The motor system
1 / 26

The Motor System - PowerPoint PPT Presentation

  • Uploaded on

The Motor System. Chapter 8. Overview. The motor system is divided into 4 components: Direct activation pathway Control circuits Indirect activation pathway Final common pathway. Direct activation pathway Largest, best-defined motor pathway

I am the owner, or an agent authorized to act on behalf of the owner, of the copyrighted work described.
Download Presentation

PowerPoint Slideshow about ' The Motor System' - yvonne

An Image/Link below is provided (as is) to download presentation

Download Policy: Content on the Website is provided to you AS IS for your information and personal use and may not be sold / licensed / shared on other websites without getting consent from its author.While downloading, if for some reason you are not able to download a presentation, the publisher may have deleted the file from their server.

- - - - - - - - - - - - - - - - - - - - - - - - - - E N D - - - - - - - - - - - - - - - - - - - - - - - - - -
Presentation Transcript
The motor system

The Motor System

Chapter 8


  • The motor system is divided into 4 components:

    • Direct activation pathway

    • Control circuits

    • Indirect activation pathway

    • Final common pathway

  • Direct activation pathway

    • Largest, best-defined motor pathway

    • It is a “single neuron” pathway, extending from the cerebral cortex to the spinal cord (corticospinal tract)

    • Major function: to effect voluntary activity, particularly skilled movements under conscious control

  • Direct activation pathway

    • Origins:

      • Primary motor cortex

      • Premotor cortex

      • Supplementary motor cortex

    • Major neurotransmitters: glutamate (excitatory) and GABA (inhibitory)

    • Damage results in weakness, with loss of voluntary movements especially fine, skilled movements, but preservation of other forms of movements including segments reflexes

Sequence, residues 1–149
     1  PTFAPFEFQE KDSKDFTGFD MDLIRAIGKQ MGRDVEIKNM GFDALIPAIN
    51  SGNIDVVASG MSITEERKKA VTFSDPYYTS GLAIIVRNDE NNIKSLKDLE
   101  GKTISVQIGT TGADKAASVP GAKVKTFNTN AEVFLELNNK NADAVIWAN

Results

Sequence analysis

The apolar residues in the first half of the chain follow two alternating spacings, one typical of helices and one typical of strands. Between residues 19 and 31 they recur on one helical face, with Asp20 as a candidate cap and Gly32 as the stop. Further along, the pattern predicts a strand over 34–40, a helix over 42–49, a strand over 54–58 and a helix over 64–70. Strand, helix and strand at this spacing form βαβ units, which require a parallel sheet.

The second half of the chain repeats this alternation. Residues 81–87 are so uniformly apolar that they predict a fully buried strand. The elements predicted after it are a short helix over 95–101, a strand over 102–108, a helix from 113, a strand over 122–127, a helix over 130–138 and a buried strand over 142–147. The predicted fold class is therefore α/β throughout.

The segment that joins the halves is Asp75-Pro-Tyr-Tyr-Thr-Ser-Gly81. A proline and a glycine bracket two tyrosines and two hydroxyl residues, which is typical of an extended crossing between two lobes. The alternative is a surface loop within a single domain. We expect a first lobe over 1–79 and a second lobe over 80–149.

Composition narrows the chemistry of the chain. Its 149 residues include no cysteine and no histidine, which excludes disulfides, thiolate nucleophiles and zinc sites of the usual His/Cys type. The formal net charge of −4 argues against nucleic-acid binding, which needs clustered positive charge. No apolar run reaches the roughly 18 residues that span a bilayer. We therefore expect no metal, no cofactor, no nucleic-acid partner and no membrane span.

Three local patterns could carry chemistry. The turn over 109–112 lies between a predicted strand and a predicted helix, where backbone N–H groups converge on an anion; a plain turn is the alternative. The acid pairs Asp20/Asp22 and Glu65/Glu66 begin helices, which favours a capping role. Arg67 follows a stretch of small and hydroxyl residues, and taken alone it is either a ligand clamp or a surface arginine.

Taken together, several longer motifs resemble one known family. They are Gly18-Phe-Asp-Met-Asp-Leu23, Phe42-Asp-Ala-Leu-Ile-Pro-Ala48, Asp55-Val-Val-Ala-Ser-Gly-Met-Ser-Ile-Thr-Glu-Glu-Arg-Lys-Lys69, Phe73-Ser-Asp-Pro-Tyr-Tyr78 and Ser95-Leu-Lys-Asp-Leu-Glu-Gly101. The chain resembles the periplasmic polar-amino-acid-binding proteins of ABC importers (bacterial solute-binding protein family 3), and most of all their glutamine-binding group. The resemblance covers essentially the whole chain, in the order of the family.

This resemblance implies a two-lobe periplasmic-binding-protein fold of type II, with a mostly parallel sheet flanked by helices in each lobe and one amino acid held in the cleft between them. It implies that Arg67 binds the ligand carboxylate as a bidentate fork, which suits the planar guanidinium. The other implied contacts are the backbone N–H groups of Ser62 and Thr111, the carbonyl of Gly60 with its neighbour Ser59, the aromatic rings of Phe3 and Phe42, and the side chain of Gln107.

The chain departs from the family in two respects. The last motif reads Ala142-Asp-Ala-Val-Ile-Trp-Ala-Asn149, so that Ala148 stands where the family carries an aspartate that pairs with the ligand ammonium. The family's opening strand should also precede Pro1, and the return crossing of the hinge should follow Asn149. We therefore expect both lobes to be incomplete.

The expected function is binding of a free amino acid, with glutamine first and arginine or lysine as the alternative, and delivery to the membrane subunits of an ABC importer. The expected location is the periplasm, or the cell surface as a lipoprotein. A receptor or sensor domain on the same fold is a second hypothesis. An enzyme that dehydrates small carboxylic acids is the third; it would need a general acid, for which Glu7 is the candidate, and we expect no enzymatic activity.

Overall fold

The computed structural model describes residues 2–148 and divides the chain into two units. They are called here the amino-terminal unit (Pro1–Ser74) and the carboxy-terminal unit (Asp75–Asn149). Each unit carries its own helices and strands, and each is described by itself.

• Control Circuits

    • 2 parallel pathways, the cerebellar and basal ganglia, control and modify motor activity

    • They both receive input from several motor and sensory cortical areas and project back to the cerebral cortex via the thalamus. They integrate and modulate motor activity primarily through the cerebral cortex and direct activation pathways.

  • Control Circuits

    • They also send information to the brainstem and the indirect activation pathways.

    • Basal ganglia

      • Concerned with learned, automatic behavior and with preparing and maintaining the background support, or posture, needed for voluntary motor activity. (Neurotransmitters: dopamine and GABA)

    • Cerebellum

      • Accomplishes the coordination and correction of movement errors of muscles during active movements. (Neurotransmitters: glutamate and GABA)

  • Indirect activation pathways

    • The older, more diffuse motor pathways, sometimes called extrapyramidal pathways

    • These pathways mediate the enormous number of automatic activities involved in normal motor function. For example, the maintenance of erect posture when sitting or standing requires the coordinated contraction of many muscles.

  • Indirect activation pathways

    • This coordination is under subconscious control and is mediated by the indirect activation pathways which are:

      • Reticulospinal

      • Vestibulospinal

      • Rubrospinal

    • Diseases affecting these pathways are manifested with abnormal muscle tone and reflexes.

  • Final common pathway

    • The somatic (skeletal) muscles that perform the voluntary movements are all under direct control of lower motor neurons and contract only in response to activation by these neurons.

    • These neurons are located in the ventral horn of the spinal cord and brainstem.

    • A lower motor neuron and the muscle fibers under its control constitute a motor unit.

    • The final common pathway consists of many motor units through which all activities in the motor system must act.

    • Neurotransmitter: acetylcholine

Motor homonculus
Motor homonculus

Internal capsule
Internal capsule

Corticobulbar fibers occupy a more anterior location in the posterior limb than the corticospinal

Clinical correlations
Clinical Correlations